Slices of Life: What's in a smile?
What's in a smile? It depends on whom you ask. As for Mona Lisa and the reason behind her mysterious smile; we'll never know.
But there is one thing I do know about smiles: they wield power, in a good way. If you offer a genuine smile, it is guaranteed to make the recipient feel better. It's a fact.
In fact, there are a number of fun facts about smiling that most of us probably never contemplated.
Smiling is an innate behavior. We are born knowing how to smile. Ultrasounds have shown babies smiling in the womb.
Some say those first smiles are just gas, but either way, the muscle power is there without any coaching or teaching. As humans, when we are happy or content, we innately raise our lips at the corners, not lower them.
Smiling is universal. It's demonstrated in much the same way from country to country and culture to culture. I could travel to France, and even though I don't know a word of French (except for "oui" and "croissant"), I could effectively communicate my happiness with just one smile.
The smile can be traced back over 30 million years of evolution. It likely began as a "fear grin" similar to that of monkeys and apes that use clenched teeth to show predators they are harmless.
Dogs demonstrate a similar expression when they've done something naughty — like eat a roll of toilet paper — and wish to look submissive to their owners.
In humans, this behavior became a signaling system enabling us to communicate information of varying forms.
Scientists tell us there are 19 different types of smiles, but only six are used to communicate levels of happiness, from an all-out wide toothy grin to a suppressed half-smile. Smiles that don't indicate happiness include expressions of misery, fear, embarrassment, nervousness, anger and contempt.
Further, smiles can be fake, polite or sincere. It sounds complicated (because it is), but humans can easily distinguish one type of smile from another.
Not only that, humans can detect a smile from 300 feet away — that's a whole football field.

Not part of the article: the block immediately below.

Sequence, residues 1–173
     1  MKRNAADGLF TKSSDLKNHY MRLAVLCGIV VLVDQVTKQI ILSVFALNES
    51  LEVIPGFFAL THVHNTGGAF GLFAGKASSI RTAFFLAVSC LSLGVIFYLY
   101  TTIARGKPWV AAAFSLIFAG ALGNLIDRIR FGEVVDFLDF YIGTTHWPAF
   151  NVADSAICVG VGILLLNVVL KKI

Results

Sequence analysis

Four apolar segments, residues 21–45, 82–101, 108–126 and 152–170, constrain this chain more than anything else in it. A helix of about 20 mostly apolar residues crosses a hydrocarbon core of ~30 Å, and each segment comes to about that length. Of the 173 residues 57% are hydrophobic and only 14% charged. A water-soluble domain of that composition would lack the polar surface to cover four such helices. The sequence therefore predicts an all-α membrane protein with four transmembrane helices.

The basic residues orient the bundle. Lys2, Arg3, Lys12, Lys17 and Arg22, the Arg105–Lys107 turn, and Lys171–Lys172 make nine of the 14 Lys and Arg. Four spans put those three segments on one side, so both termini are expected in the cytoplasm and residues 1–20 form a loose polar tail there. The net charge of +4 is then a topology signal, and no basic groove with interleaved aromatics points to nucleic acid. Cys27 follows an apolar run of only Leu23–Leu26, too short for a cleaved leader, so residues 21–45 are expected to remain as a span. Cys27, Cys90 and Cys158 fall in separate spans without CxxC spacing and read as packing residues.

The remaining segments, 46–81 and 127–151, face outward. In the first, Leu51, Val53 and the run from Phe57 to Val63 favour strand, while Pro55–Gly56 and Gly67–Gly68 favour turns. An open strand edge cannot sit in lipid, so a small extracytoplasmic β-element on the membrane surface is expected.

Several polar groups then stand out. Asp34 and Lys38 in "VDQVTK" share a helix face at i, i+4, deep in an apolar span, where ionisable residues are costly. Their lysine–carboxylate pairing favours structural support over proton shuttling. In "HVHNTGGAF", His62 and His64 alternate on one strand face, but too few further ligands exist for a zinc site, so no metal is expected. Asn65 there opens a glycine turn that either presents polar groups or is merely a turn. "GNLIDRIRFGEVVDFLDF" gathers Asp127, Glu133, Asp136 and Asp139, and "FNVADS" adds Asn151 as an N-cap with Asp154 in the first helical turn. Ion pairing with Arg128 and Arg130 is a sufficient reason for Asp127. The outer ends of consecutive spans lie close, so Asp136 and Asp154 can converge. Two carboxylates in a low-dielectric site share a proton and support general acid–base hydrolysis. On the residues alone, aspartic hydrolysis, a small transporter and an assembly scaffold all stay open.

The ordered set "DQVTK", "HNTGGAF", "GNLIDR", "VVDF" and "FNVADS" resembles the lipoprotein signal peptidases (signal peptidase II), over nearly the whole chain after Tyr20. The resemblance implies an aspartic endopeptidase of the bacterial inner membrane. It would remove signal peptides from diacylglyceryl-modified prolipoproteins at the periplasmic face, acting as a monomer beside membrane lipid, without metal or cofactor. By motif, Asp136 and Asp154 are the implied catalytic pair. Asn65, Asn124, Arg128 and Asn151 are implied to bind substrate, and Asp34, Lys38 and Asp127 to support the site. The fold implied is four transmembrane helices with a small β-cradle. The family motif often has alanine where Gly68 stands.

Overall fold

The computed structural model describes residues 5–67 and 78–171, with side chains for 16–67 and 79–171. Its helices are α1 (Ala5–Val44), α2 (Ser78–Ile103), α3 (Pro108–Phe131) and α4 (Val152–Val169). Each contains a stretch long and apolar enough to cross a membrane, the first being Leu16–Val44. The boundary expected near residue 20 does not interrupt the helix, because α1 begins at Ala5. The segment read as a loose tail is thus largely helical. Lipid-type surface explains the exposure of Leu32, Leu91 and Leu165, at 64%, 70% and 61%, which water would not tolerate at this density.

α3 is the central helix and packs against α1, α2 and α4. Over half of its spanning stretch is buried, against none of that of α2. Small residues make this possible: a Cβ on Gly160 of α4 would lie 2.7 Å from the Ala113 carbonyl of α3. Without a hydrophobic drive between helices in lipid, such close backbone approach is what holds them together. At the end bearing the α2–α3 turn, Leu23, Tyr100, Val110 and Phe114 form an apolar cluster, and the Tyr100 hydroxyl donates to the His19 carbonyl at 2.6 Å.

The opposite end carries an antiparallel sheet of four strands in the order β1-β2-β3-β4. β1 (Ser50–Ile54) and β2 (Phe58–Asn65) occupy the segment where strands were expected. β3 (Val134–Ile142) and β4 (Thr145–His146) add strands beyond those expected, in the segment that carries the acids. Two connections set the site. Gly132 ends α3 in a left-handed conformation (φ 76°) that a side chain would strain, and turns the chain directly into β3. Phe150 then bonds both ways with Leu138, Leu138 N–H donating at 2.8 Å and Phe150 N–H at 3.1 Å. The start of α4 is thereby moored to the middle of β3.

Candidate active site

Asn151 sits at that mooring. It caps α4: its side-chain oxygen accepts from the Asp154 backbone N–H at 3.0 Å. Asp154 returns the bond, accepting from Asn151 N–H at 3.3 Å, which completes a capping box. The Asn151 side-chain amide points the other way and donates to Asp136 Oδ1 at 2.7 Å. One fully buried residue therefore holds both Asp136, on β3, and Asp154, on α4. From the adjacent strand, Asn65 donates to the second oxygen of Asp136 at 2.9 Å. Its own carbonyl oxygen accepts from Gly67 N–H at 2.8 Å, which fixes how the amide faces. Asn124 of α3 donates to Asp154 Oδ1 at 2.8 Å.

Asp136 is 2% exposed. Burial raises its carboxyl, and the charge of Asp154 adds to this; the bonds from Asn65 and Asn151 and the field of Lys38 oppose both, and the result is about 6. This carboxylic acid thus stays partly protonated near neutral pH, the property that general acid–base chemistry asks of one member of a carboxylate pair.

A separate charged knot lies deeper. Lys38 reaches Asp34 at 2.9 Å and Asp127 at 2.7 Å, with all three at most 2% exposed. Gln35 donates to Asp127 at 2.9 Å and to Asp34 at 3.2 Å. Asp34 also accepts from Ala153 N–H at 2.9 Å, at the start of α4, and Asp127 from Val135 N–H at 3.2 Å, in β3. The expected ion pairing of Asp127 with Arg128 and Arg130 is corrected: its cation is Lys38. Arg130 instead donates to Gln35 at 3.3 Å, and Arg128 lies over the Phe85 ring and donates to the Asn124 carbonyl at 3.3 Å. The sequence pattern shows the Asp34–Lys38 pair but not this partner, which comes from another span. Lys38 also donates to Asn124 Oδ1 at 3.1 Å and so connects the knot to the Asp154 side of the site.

Smiles are contagious. If you see one, you're more likely to give one. It's the gift that keeps on giving.
The habit of smiling can increase with practice. Like anything, the more you practice, the better you'll get. But make sure you practice sincere smiles and not fake ones. Fake smiles can be off-putting. You don't gain friends by dishing out fake smiles.
Children tend to smile more than adults. On average a child smiles 400 times a day. A very happy adult smiles 40-50 times each day, while an average person does so only about 20 times. Maybe we should all try to channel our inner child and smile a little more.
Women tend to smile more than men, in part because it is more socially acceptable for women to smile, at least according to the experts. Women may also be more accurate in detecting emotions and feelings, thereby knowing when and where a smile is warranted and appropriate.
Americans tend to smile more than people in many other countries. In Japan, outward emotions are frowned upon (quite literally), and the Japanese practice smiling with their eyes versus lips.
Smiling is physically good for you. It boosts your immune system, reduces stress and increases endorphins. Smiling stimulates our brain's reward mechanisms in a way that even chocolate can't match. (The jury's still out on wine.)
A smile is a nice gesture, but it can be more than just that. A smile has the power to keep someone from feeling invisible. A smile acknowledges another person's literal being. No one wants to feel invisible — well, except a bank robber.
Smiling can make the world a happier place. It connects us with other people. And, the very act of smiling can make you happier and healthier. It may even lead to laughter.
What have you got to lose?
Jill Pertler is an award-winning syndicated columnist, published playwright, author and member of the National Society of Newspaper Columnists.